|Issue:||Asia-Pacific I 2008|
|Topic:||It’s a broadband world|
|Author:||Pradman P. Kaul|
|Title:||President and CEO|
|Organisation:||Hughes Communications, Inc|
Pradman P. Kaul is President and CEO of Hughes Communications, Inc. Mr Kaul also continues as Chairman and CEO of Hughes Network Systems, LLC. Before joining Hughes, Mr Kaul worked at COMSAT Laboratories in Clarksburg, MD. Mr Kaul holds numerous patents and has published articles and papers on a variety of technical topics concerning satellite communications. In 2004, Mr Kaul was inducted into the National Academy of Engineering. Mr Kaul has been named a ‘Distinguished Engineering Alumnus’ of the University of California, Berkeley and a ‘Distinguished Alumnus’ by George Washington University, Washington DC in 2005. He was awarded the IEEE Third Millennium medal in 2000. Mr Kaul is also on the boards of several organizations. Mr Kaul received a Bachelor of Science degree in Electrical Engineering from George Washington University and a Master of Science degree in Electrical Engineering from the University of California at Berkeley.
Satellite broadband connectivity worldwide is growing. Satellites often provide the only access businesses have to broadband in remote areas. It also provides residential broadband access in regions where no other networks exist. Distance learning and e-commerce offerings are helping close the digital divide in thousands of towns and villages in developing countries. Additionally, emergency preparedness, broadband on the move, and high availability VPN (virtual private network) services are enabling government agencies to better serve their citizens and respond to disasters.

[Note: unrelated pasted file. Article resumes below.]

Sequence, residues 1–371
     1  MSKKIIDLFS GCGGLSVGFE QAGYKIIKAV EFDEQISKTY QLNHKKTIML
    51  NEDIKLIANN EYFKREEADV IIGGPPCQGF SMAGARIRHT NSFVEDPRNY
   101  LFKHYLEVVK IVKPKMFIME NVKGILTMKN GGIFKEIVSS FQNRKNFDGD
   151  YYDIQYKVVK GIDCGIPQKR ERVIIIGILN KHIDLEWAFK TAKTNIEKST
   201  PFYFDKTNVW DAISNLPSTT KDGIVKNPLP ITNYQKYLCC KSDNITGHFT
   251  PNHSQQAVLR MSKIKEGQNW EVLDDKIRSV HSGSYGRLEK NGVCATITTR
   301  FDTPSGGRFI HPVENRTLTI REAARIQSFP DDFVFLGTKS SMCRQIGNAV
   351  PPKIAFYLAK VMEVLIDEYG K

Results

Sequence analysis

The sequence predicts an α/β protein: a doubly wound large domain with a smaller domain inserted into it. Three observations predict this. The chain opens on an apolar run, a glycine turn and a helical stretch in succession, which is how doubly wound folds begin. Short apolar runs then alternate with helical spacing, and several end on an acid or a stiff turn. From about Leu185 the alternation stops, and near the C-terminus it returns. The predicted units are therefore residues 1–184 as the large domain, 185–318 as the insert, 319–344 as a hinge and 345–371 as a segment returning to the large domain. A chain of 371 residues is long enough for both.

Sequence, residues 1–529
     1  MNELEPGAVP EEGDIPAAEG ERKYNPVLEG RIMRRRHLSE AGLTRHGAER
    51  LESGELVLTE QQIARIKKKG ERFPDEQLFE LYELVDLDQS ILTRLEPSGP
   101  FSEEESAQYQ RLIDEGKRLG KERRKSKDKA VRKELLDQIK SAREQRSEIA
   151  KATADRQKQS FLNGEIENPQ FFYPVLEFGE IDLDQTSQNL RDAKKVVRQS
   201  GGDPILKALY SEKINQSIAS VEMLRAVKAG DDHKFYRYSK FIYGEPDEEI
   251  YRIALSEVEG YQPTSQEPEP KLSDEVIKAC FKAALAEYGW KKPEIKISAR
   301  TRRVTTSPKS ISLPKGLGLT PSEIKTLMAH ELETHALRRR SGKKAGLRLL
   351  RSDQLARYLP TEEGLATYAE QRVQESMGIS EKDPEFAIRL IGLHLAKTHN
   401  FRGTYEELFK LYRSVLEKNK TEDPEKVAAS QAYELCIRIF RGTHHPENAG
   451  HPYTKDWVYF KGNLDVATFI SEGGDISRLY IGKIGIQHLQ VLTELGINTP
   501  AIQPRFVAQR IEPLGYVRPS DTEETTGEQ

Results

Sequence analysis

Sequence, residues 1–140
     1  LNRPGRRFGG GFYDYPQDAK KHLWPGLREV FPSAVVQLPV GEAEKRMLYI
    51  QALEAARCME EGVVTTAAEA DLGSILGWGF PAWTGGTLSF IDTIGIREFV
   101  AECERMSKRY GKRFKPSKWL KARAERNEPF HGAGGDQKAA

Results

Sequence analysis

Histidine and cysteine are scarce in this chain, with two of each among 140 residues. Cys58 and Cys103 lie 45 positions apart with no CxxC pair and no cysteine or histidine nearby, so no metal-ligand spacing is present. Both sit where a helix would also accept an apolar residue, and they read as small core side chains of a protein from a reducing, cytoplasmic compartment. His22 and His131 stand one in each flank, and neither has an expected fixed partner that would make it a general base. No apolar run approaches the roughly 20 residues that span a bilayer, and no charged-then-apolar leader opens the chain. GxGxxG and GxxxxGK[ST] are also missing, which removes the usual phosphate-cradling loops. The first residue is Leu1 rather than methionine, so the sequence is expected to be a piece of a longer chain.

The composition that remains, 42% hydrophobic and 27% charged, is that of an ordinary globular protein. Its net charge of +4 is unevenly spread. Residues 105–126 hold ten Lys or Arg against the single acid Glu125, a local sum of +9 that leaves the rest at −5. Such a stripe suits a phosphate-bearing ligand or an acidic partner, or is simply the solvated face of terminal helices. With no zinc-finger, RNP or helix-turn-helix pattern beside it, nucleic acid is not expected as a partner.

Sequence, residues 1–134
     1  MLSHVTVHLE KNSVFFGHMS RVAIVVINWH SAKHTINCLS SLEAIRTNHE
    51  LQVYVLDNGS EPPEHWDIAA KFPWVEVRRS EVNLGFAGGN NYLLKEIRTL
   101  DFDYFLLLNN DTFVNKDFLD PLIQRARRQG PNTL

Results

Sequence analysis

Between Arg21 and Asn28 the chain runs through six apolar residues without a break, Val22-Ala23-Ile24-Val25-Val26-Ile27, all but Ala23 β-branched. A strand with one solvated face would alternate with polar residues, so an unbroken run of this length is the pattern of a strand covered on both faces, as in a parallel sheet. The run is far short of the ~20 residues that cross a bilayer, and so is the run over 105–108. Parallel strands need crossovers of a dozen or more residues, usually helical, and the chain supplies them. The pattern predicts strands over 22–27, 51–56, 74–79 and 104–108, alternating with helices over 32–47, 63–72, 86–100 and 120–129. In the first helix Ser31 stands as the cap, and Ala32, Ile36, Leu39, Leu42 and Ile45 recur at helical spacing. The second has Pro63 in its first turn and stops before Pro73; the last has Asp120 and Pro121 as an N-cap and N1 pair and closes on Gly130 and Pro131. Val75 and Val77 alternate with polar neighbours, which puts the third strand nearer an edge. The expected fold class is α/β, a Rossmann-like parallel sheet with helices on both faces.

Although hard to imagine today, it was less than 20 years ago that people conducted all their personal and business transactions over the telephone, by mail, or in person. In that pre-Internet period there was no instant messaging or on-line shopping; people went to the store and to the bank, and they called or visited friends. Paper maps were the only way to get directions. Businesses used automated processes, but they were largely disjointed collections of applications, often requiring heavy doses of manual intervention to make them work and to make sense of their outputs. Then along came the Internet, and everything changed. Even if connections were sometimes sluggish and intermittent, a new world of connectivity and collaboration emerged. Fast forward to today. The slow, clunky dial-up connections that thrilled us in the early years of the Internet phenomenon are just not good enough anymore. Broadband is now a necessity. High-speed, always-on Internet access that provides nearly effortless access to information has opened seemingly endless potential to not only buy and sell on the web, but to unlock ever more value from new applications in all market sectors, business, government and consumer alike. Exploding growth No wonder broadband is expanding globally and has become an important measure of economic growth. Although dominated by terrestrial technologies such as DSL and cable, broadband connectivity is also growing at a healthy clip by means of satellites. According to the latest report by Northern Sky Research, average broadband growth rates in 2006 exceeded 20 per cent in both the developed and the developing world. The Asia-Pacific region, including South Korea, India and Australia, are at the top of the growth rates, along with other countries such as Brazil and Russia, for example, with the latter exploding at a rate exceeding 50 per cent, and some regions even projected for 100 per cent growth this year. The growth rate in the US is also around 20 per cent, yet there remains a large, unserved market of ten to 15 million households that can’t get broadband by terrestrial means, which, not surprisingly, is the target market for satellite broadband. An important trend fuelling the growth of broadband is that all market sectors are gaining greater value from broadband applications beyond connectivity alone, which has become a commodity. New applications such as digital signage and business-based IPTV, for example, are opening up revenue opportunities for enterprises, both large and small. Distance learning and e-commerce offerings are helping close the so-called digital divide in thousands of towns and villages in developing countries. Additionally, emergency preparedness, broadband on the move, and high availability VPN (virtual private network) services are enabling government agencies to better serve their citizens and respond to disasters. Enterprise needs Just a few short years ago enterprises focused IT investments primarily on lowering costs and managing inventory better, with IT department heads and CIOs typically making all the new technology and application decisions. Today, as broadband proliferates, enterprises worldwide – driven more often by CEOs and marketing heads – are expanding beyond a focus on productivity alone to seek out new revenue and profit-generating opportunities. Targeted ‘infotainment’ at gas pumps, digital signage at store point-of-sale locations, and business IPTV – all of which require broadband delivery of multi-media messages, are just a few examples of the changing face of the enterprise market. Another key trend is that enterprises are moving away from the direct operation and maintenance of their networks by using skilled managed services companies to provide comprehensive solutions and services. This approach enables the enterprise to focus fully on its core business while outsourcing all the complexities and tasks of network management – including operation, control, installation and maintenance – to a trusted partner. The approach has become increasingly common for landline, satellite-based, or hybrid technology networks and may involve the management of complex video, audio and LAN equipment. Closing the digital divide Governments worldwide recognise broadband as an economic imperative and as an essential component of their plans to meet universal service objectives. This is particularly evident in Asia-Pacific. India, for example, is deploying Internet kiosks in thousands of villages and towns. A collaboration between government and private enterprise, these rural information and communication technology (ICT) kiosks give people access to a variety of on-line services such as Internet access, Voice over IP (VoIP) telephony and distance education, in this case utilizing an India-wide broadband satellite service. These kiosks are not just a convenient access and information tool; they also provide a true grassroots example of how broadband can become the seed for new businesses. Operated on a franchisee model and requiring only a small investment, these new kiosks enable budding entrepreneurs across the rural landscape to sell valuable services to people in the region, such as access to email, online shopping, government services, and online courses – at the same time earning a profit for their own businesses. Other examples of government-backed broadband initiatives are in Australia’s outback and Malaysia’s rural areas, where telecom providers are deploying high-bandwidth satellite terminals to deliver instant broadband to small businesses, schools and homes where other technologies simply aren’t available. In Korea, a major power provider is using satellite equipment to monitor the status of power plants, and provide VoIP and Internet access to remote substations in areas previously without effective connectivity. Certain Korean telecom providers are also extending their nationwide networks, utilizing broadband satellite equipment to provide global connectivity to customers headquartered in Korea. This brings the benefits of VPNs for intranet access, video-conferencing, and other applications to organizations with sites located both inside and outside Korea, such as government institutions, global non-profit organizations, and multinational corporations. New directions in mobile satellite technology The growth of broadband is certainly not limited to fixed applications; mobile satellite systems are meeting the challenge globally. For example, Thuraya, one of the world’s leading mobile satellite operators, uses an innovative solution to cover nearly one-third of the world’s population in Asia, Europe and Africa. A small, handheld device combines GSM cellular/satellite voice and data services with GPS location capabilities, providing seamless wireless communications via cellular with satellite coverage over multiple continents. A newly developed mobile satellite terminal was recently certified to operate on Inmarsat’s Broadband Global Area Network (BGAN). It is capable of high-speed transmit and receive rates of over 460 Kbps while on the move. An earlier version transportable terminal, employed by CNN reporters to cover live news from the field, recently won a technology award at the IBC show in Amsterdam. Other examples are US operators TerreStar Networks, ICO and MSV, who are each funding technology developments that marry satellite and cellular technologies utilizing the so-called ATC (auxiliary terrestrial component) spectrum, which promises to enable a new world of multi-media, interactive mobile satellite services. Expanding the satellite broadband market Perhaps the greatest promise for expanding the addressable market for broadband services utilizing satellite technology lies with SPACEWAY 3, the world’s first communications satellite with on-board switching and routing. Operating in the Ka-band spectrum, SPACEWAY 3 employs high-performance packet switching, active phase-array antennas and spot-beam technologies, enabling transmission rates of up to 440 Mbps on the downlink, direct site-to-site connectivity of up to 16 Mbps and a total throughput of ten Gbps, which is unprecedented in the satellite industry. SPACEWAY 3 was successfully launched by Arianespace in August and is expected to start commercial service in North America in early 2008. Changing the rules It’s truly a broadband world. Indeed, broadband technologies – whether satellite or terrestrial – are breaking down barriers and enabling people not only to access but also to generate and share multi-media information in ways unimagined just a few years ago, and to do so virtually anywhere, whether fixed or on the move. Enterprises, governments and consumers are able to collaborate and unlock the benefits of new applications on a scale that’s limited only by their imaginations. Curiously enough, this broadband explosion may actually be bringing us back full circle to virtual forms of the person-to-person communication of pre-Internet days. Only now our neighbourhood is the world.